A power blackout today across Auckland's eastern suburbs could not have come at a worse time for trade, a local business group says.
About 74,000 homes and businesses were hit by the major power outage, stretching from Mt Wellington to Newmarket.
The outage is believed to have started from a transformer fault at 1.10pm, a Transpower spokesman said.
Newmarket Business Association head Cameron Brewer said it was a blow for many businesses, particularly given the recession.
"When you consider everything from wasted restaurant meals, employees unable to work, wiped computer documents, and missed electronic sales, the cost would have to be several million," Mr Brewer said.
"Having a secure electricity supply is absolutely critical for business. Given the cost of power, business now deserves a full explanation."
Mr Brewer said assurances were given after a major blackout in June 2006 that maintenance would be improved and risk would be spread.
During today's incident, staff at National Bank in Newmarket gathered together and kept calm, personnel manager Jon Randles said.
"We had no idea when the power was going to come back on. Due to the OCR (Official Cash Rate) announcement, we'd been doing a lot of work for customers and we were trying to catch up on the backlog, so this has thrown us even further behind.
"After the previous big power outage in Auckland in 2006, I thought there would be some kind of contingency plan," Mr Randles said.
Many day care centres were forced to close for the day, and staff at Bear Park infant toddler centre in St Heliers had to call parents to collect their children.
Viv Withell, who has a 17-month-old son at Bear Park, said while it was business as usual in her office in Ponsonby, she had to drop everything to collect him.
"I'm very busy today and I'm expecting bookings. I've got no other option but to bring my son back to the office if the power is out at home," she said.
Meanwhile at Greenlane Hospital some appointments have had to be cancelled.
A spokesman from Auckland District Health Board (ADHB) said the Greenlane Clinical Centre was affected.
"The generators are running, essential services are in place and all patients are safe.
"Some outpatient clinics which do not require access to a computer system are running, but most others have been cancelled.
"Auckland City Hospital was also affected with some computer systems offline, however all critical services are running and patient safety was not affected," the DHB spokesman added."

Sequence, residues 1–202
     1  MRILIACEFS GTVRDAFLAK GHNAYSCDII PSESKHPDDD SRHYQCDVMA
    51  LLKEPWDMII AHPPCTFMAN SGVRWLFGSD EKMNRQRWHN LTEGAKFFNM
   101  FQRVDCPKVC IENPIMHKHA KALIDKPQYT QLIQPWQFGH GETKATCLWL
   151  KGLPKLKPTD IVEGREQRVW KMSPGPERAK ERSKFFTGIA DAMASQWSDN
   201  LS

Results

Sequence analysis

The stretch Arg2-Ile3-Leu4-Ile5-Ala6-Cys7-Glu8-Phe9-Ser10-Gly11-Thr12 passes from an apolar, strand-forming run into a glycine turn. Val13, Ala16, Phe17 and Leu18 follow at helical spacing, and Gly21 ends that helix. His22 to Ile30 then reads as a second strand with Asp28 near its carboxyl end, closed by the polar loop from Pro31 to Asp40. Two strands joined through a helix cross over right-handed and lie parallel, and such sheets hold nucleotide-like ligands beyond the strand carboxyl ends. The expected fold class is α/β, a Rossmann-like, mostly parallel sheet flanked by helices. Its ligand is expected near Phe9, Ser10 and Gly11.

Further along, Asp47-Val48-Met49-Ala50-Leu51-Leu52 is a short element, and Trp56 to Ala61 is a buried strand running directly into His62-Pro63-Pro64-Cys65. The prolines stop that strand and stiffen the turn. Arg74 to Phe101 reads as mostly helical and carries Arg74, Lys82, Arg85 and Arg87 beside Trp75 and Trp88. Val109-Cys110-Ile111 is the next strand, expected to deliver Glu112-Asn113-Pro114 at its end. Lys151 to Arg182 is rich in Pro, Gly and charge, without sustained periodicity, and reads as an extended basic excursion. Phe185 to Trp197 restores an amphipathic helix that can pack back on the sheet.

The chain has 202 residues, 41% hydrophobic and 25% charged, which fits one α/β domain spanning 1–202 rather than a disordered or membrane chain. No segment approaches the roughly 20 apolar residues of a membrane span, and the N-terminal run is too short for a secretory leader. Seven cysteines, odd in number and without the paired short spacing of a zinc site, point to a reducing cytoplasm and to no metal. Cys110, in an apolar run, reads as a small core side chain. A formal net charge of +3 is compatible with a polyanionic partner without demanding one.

The cut happened after a substation in Penrose went down.
Transpower spokeswoman Adele Fitzpatrick said one of the three transformers was out of action due to routine maintenance. The other two were handling the load until a malfunction in one of them that caused the third to trip.
Fire communications shift commander Mau Barbara said firefighters rescued four sets of people stuck in lifts as a result of the power cut.
He said two were in the Central Park complex in Penrose, another was in the Wella building in Ellerslie, while the fourth was on Newmarket's Broadway.
Mr Barbara also said fire fighters have responded to 15 alarm activations, some of which were burglar alarms mistaken for fire alarms.
He said fire fighters were also called to power lines on fire in Parnell and a smoking transformer in Ellerslie.
The power cut knocked out traffic lights across east Auckland from Onehunga to Orakei including Balmoral and Greenlane.
Traffic lights were also reported to be out in St Helliers, Kohimarama and Mission Bay.
Police said too many sets of traffic lights were out to arrange officers on points duty.
At 1pm shops in Remuera closed doors and were in darkness.
Reports that Sylvia Park shopping mall in Mt Wellington had been evacuated were untrue.
"The power was down for an hour and a-half. A lot of customers hung around in the mall as it's light and airy and we had emergency lights running on batteries," centre manager Jonathan Douglas said.
Staff at the deLongi premises in Mt Wellington were being sent home because of the outage.
- NZ HERALD STAFF, NZPA